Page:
Like Allstate and State Farm before it, Liberty Mutual hired consulting giant McKinsey & Co. to boost its bottom line. The McKinsey strategy relies on lowering the amounts paid in claims, no matter whether the claims were valid or not.

By all accounts, Liberty Mutual has not become as notorious as its rivals for the deny, delay, and defend tactics that McKinsey encouraged. However, that has not stopped the company from leading the way in complaint rankings and stories of short-changed victims.

In fact, Liberty Mutual is facing a glut of litigation from its own vendors who say the company’s cost-cutting has resulted in poor claims processing and a spike in lawsuits.

Like several other big property casualty insurers, Liberty Mutual has also begun abandoning policyholders across the country. The company has pulled out of many states—not only hurricane susceptible states such as Florida and Louisiana, but also northern states such as Connecticut, Rhode Island, Maryland, Massachusetts, and much of New York.

A 2007 New York Times article highlighted Liberty Mutual policyholders James and Ann Gray of Long Island. The Grays were “nonrenewed” by Liberty Mutual despite the fact that they lived 12 miles from the coast and had “been touched by rampaging waters only once, when the upstairs bathroom overflowed.” In fact, Liberty Mutual and its big name competitors have left more than 3 million homeowners stranded over the last few years.

New York regulators chastised Liberty Mutual for tying nonrenewals to whether a policyholder had an auto policy or other coverage, against state law.

Liberty Mutual has also gone where even its big property-casualty rivals Allstate and State Farm have feared to tread by trying its hand at massive corporate fraud. While the likes of AIG, Zurich, and ACE settled charges that they colluded with broker Marsh & McLennan in a huge bid-rigging fraud, Liberty Mutual remains the only insurance company that refuses to concede guilt.

The fraud centered around fake bids that companies submitted to Marsh in order to garner artificially inflated rates. Liberty Mutual claims its business practices were lawful and that regulators’ settlement demands are “excessive.”In the cutthroat world of insurance companies, Liberty Mutual has not escaped scrutiny.

Like its counterparts Allstate and State Farm, Liberty Mutual engaged McKinsey & Co.’s services to maximize profits through deny, delay, and defend tactics. Allegations of systematic bid-rigging have further tarnished its reputation.

Despite not reaching the same infamy as other industry giants for their claims-handling practices, Liberty Mutual faces a barrage of complaints and lawsuits from vendors dissatisfied with cost-cutting measures impacting claims processing quality.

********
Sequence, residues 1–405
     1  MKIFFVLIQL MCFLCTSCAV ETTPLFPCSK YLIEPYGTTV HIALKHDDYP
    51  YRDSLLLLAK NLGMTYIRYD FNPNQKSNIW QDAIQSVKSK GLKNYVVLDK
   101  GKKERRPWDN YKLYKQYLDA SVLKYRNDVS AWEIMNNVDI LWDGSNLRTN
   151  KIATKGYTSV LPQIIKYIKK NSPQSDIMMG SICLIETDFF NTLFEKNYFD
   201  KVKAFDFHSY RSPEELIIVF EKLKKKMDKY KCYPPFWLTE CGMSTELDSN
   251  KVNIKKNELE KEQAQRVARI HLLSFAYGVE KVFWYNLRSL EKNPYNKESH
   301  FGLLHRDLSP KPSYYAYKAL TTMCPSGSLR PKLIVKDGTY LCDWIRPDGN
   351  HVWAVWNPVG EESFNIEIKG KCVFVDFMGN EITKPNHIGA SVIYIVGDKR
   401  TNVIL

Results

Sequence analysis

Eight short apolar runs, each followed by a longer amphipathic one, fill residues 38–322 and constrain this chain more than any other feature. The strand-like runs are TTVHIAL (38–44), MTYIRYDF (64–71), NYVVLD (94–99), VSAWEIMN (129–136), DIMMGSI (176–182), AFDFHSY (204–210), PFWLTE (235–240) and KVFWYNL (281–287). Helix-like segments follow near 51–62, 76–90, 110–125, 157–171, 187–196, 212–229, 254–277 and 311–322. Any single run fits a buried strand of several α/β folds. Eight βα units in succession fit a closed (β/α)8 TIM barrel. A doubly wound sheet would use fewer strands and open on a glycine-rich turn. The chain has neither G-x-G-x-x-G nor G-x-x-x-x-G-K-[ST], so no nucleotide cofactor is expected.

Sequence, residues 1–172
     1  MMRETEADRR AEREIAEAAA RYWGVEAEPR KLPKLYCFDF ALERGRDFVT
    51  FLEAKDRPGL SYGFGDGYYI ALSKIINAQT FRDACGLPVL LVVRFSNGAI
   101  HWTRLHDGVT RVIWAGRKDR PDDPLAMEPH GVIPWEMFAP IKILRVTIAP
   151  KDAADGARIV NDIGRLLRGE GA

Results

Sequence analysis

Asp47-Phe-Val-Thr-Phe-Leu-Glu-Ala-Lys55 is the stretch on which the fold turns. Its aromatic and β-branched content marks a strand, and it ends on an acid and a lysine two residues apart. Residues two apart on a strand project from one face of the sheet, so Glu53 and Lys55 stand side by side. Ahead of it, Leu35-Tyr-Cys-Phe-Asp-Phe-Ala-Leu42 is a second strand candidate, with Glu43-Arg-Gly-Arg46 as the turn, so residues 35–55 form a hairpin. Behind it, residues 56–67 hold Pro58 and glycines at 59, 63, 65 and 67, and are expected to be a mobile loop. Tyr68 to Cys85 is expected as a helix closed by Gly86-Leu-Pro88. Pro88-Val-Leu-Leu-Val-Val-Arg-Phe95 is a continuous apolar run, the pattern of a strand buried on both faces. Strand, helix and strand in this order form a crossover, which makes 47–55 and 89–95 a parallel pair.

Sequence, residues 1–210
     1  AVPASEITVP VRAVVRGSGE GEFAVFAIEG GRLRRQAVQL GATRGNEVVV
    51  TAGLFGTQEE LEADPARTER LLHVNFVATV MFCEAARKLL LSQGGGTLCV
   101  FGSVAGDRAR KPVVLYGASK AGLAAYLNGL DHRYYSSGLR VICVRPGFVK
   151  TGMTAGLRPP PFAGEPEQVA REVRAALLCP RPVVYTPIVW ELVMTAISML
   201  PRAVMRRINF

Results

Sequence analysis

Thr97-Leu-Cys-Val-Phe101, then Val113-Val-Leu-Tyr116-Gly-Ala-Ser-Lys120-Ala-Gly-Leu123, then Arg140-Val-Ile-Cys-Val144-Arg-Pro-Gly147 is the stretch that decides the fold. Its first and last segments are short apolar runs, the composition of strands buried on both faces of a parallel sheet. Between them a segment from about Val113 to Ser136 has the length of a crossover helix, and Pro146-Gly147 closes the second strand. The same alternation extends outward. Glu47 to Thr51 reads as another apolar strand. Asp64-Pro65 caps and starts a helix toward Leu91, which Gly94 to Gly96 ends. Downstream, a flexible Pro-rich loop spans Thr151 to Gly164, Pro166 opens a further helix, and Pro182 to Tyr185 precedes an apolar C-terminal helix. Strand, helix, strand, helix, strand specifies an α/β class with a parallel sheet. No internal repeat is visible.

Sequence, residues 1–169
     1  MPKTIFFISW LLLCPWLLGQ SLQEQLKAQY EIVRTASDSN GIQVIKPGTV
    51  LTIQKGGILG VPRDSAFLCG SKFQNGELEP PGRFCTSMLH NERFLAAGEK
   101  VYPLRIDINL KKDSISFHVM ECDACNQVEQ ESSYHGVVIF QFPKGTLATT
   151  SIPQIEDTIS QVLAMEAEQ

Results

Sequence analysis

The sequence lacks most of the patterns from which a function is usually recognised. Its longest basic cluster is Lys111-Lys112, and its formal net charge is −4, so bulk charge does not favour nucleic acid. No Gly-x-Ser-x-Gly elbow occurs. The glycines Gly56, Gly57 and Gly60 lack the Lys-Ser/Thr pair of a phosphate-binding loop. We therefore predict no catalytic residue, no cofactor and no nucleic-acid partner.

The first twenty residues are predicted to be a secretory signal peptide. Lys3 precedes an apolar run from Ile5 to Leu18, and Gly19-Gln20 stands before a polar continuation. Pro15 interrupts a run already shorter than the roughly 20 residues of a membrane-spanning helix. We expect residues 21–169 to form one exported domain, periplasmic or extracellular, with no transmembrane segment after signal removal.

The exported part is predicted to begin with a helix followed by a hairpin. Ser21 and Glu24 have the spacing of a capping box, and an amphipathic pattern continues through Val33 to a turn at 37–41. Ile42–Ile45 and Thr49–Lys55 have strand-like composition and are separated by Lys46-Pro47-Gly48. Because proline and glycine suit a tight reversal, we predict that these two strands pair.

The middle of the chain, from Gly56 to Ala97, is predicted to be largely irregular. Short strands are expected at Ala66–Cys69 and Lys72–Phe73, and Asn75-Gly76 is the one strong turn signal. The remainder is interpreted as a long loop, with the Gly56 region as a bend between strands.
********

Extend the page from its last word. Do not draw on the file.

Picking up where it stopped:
Moreover, by abandoning policyholders across various states and facing accusations of corporate fraud related to bid manipulation schemes – where competitors admitted guilt but Liberty Mutual stood defiant – the company finds itself entangled in controversies that raise serious ethical concerns.

With more than 3 million homeowners left in limbo due to nonrenewals and questionable practices highlighted by New York regulators regarding auto policies ties during nonrenewals, Liberty Mutual’s actions continue to spark outrage among consumers and regulators alike.

As the spotlight shines on these egregious behaviors within the insurance industry, it becomes increasingly apparent that profitability should never take precedence over fair treatment of policyholders. The need for transparency, accountability, and ethical business practices must be upheld to protect consumers’ rights in an industry meant to provide security and peace of mind.

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This business does truly care about their clients and their needs! They have an amazing staff, and are one of the best places in the area for sure!
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McKay Law and Attorney Lindsay McKay were extremely prompt with in helping me with my wreck! She is very knowledgeable of the law!
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Lindsey McKay is a dedicated trial attorney with experience and drives to get the best results for her clients. We handle personal injury cases that involve the following matters: drunk driving accidents, nursing home negligence, uninsured or underinsured motorists, motor vehicle accidents, product liability, auto defects, animal bites, work-related injuries, medical negligence and fatalities.